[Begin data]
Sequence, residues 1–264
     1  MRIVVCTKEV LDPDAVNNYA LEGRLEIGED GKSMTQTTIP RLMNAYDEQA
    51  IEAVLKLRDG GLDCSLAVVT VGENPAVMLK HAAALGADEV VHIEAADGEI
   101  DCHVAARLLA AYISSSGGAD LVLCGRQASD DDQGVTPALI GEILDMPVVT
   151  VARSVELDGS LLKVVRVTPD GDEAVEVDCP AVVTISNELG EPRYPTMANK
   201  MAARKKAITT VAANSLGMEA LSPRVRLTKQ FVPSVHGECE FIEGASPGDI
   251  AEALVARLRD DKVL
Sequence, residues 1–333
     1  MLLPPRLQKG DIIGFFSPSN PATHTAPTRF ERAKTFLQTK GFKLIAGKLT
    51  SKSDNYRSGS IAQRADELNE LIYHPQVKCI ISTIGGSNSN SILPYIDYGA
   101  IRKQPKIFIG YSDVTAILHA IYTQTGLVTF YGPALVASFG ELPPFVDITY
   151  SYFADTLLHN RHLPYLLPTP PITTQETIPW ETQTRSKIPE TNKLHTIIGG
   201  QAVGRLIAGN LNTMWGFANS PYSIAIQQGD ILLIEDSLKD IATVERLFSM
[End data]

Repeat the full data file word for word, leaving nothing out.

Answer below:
Sequence, residues 1–264
     1  MRIVVCTKEV LDPDAVNNYA LEGRLEIGED GKSMTQTTIP RLMNAYDEQA
    51  IEAVLKLRDG GLDCSLAVVT VGENPAVMLK HAAALGADEV VHIEAADGEI
   101  DCHVAARLLA AYISSSGGAD LVLCGRQASD DDQGVTPALI GEILDMPVVT
   151  VARSVELDGS LLKVVRVTPD GDEAVEVDCP AVVTISNELG EPRYPTMANK
   201  MAARKKAITT VAANSLGMEA LSPRVRLTKQ FVPSVHGECE FIEGASPGDI
   251  AEALVARLRD DKVL
Sequence, residues 1–333
     1  MLLPPRLQKG DIIGFFSPSN PATHTAPTRF ERAKTFLQTK GFKLIAGKLT
    51  SKSDNYRSGS IAQRADELNE LIYHPQVKCI ISTIGGSNSN SILPYIDYGA
   101  IRKQPKIFIG YSDVTAILHA IYTQTGLVTF YGPALVASFG ELPPFVDITY
   151  SYFADTLLHN RHLPYLLPTP PITTQETIPW ETQTRSKIPE TNKLHTIIGG
   201  QAVGRLIAGN LNTMWGFANS PYSIAIQQGD ILLIEDSLKD IATVERLFSM